Do central banks buy Gold because they think the end of the world is coming? If Gold is an â€œend of the worldâ€ investment, then why the hell do western central banks own the vast majority of their reserves in Gold? And why are emerging central banks buying Gold?
By Jordan Roy-Byrne
Congrats to the gold bears and stock bulls! After being slaughtered for the majority of the last decade and more, they finally won a victory. Golf clap for you gentlemen. Now you can have your day in the sun once again. US stocks are at all-time highs and Gold sucks again! You won’t have to listen to your clients bitch and moan about how you ignored, avoided or were underweight the bull market of our time. Time to crow!
I awoke on Monday to a link from a subscriber. It was an editorial titled, “The Day that Gold Died.” The author cited the usual, clueless and baseless arguments both to why folks buy gold and why gold sucks as an investment. It is nothing more than a flimsy rant. He also cited a “marvelous takedown” by Barry Ritholtz, a formerly humble and generally impartial commentator who is now enjoying mainstream notoriety.
The worst and most natural, instinctive error these chaps and all gold haters make is to immediately refer to gold is an end of the world investment. This would be the most bizarre and ridiculous argument for gold. If the world ends, then how do you collect on it? If society breaks down for a period of time, then what good will Gold do for you, ahead of a farm?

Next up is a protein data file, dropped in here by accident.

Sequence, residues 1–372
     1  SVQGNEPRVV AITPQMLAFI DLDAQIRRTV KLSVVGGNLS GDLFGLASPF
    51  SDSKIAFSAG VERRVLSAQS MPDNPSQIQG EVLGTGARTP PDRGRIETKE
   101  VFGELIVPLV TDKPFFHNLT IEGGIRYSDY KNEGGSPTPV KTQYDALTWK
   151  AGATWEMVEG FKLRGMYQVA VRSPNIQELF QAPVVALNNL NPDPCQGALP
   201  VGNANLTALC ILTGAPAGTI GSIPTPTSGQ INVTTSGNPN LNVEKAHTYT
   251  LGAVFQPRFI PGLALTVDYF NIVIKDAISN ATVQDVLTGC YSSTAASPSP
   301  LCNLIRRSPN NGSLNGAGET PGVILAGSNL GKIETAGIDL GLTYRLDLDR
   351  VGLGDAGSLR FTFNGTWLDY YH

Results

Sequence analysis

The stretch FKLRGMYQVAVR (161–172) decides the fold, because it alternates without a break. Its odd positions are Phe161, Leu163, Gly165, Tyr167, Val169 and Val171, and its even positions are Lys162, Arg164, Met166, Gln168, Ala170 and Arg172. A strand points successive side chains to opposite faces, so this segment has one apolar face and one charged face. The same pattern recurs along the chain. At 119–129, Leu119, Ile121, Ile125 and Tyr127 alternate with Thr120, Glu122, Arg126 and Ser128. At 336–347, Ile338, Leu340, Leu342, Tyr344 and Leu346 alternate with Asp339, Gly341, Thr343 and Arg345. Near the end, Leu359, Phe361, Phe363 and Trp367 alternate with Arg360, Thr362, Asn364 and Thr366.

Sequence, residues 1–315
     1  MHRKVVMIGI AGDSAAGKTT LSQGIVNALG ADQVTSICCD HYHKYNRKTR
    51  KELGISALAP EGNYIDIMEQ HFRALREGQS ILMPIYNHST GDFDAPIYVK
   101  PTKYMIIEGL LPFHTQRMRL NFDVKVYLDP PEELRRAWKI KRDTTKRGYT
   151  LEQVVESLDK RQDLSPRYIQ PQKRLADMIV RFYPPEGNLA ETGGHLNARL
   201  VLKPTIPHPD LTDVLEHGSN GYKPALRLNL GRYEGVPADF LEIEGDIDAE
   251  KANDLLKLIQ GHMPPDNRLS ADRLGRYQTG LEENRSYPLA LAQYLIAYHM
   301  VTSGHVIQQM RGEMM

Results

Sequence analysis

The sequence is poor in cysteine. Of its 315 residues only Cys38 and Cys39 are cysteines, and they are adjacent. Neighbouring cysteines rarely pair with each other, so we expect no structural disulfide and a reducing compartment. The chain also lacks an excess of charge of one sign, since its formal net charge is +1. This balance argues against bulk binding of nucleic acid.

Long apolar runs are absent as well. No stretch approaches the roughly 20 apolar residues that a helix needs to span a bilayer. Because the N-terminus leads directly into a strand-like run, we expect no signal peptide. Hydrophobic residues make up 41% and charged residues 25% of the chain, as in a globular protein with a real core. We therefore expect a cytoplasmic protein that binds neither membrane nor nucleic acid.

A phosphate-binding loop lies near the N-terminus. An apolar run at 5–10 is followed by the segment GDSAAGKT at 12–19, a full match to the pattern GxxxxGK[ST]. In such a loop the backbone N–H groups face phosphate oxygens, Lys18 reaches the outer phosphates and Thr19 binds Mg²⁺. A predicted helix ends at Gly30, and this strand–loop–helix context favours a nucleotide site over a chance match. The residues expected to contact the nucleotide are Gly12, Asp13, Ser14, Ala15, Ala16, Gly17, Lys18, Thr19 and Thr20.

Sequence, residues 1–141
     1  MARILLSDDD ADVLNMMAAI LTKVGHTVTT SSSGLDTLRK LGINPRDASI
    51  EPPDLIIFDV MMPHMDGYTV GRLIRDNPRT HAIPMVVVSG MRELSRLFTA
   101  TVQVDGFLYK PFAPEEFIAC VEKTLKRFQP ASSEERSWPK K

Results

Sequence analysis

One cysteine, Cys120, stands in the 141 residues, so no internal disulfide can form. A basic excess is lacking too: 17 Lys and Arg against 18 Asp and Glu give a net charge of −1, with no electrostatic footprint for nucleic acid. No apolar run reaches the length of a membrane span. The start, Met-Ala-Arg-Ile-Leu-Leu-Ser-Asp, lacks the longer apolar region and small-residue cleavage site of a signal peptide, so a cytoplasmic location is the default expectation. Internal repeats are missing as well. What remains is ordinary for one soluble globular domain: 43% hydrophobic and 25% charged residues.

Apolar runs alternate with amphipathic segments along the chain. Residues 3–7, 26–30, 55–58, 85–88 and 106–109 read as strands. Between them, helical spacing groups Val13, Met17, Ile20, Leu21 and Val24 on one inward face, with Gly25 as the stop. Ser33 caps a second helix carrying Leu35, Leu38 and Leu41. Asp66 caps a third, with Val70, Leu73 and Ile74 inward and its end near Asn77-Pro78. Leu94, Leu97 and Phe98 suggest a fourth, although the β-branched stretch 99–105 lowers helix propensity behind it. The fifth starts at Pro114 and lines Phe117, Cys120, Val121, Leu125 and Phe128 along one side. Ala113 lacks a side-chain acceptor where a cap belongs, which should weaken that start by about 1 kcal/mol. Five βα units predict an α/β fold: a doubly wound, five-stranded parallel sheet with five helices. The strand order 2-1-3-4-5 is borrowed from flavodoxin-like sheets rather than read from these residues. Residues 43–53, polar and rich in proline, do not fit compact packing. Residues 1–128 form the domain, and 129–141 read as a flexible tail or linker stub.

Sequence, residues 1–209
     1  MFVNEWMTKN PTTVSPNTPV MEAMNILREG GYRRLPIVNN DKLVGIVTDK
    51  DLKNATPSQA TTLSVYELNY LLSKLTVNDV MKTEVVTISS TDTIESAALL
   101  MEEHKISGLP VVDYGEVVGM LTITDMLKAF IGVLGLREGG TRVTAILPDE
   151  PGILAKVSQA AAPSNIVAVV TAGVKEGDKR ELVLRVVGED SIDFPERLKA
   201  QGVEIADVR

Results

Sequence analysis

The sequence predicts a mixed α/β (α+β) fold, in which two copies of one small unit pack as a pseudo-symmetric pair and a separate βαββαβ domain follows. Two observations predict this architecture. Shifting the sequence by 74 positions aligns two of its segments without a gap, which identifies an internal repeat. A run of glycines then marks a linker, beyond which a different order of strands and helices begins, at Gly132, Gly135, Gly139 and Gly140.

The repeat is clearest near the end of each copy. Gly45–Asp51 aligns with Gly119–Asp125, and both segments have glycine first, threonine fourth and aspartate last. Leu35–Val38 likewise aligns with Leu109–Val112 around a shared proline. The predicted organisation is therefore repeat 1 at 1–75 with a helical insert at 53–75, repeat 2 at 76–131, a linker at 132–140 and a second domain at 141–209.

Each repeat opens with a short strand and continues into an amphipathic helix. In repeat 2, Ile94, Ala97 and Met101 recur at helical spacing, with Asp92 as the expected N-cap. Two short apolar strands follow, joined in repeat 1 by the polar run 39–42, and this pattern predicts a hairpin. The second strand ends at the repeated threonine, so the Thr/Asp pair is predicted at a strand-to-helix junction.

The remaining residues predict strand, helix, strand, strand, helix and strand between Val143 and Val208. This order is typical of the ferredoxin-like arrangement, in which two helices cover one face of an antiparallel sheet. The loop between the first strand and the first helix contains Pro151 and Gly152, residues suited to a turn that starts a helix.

Do central banks buy Gold because they think the end of the world is coming? If Gold is an “end of the world” investment, then why the hell do western central banks own the vast majority of their reserves in Gold? And why are emerging central banks buying Gold?
It’s because Gold is money and has been the only form of money to last for thousands of years. Not too long ago it was legally part of the monetary system. Since that change in 1971, the S&P 500 has advanced from 88 to 1541 while Gold has moved from $35/oz to $1395/oz (as I pen this). Even with the latest slide in Gold, it has still crushed the S&P 500 by rising 40-fold compared to just 17.5 fold for the S&P 500.
Gold’s tremendous increase in value (since its removal from the monetary system) over a long period of time shows its value as a speculation but more importantly, a currency. Though it fluctuates greatly during each cycle, over the very long-term it is the strongest reserve asset. This is why central banks buy it, hold it and accumulate it. It’s a no-brainer. Jim Grant put it best when he said gold is a hedge against monetary disorder.